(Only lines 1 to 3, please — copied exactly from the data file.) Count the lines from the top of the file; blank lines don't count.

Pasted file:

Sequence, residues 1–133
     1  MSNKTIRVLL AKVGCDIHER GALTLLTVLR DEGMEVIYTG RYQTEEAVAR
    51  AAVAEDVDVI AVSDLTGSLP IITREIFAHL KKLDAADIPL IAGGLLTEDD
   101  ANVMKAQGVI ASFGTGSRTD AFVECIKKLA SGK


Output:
Sequence, residues 1–133
     1  MSNKTIRVLL AKVGCDIHER GALTLLTVLR DEGMEVIYTG RYQTEEAVAR
    51  AAVAEDVDVI AVSDLTGSLP IITREIFAHL KKLDAADIPL IAGGLLTEDD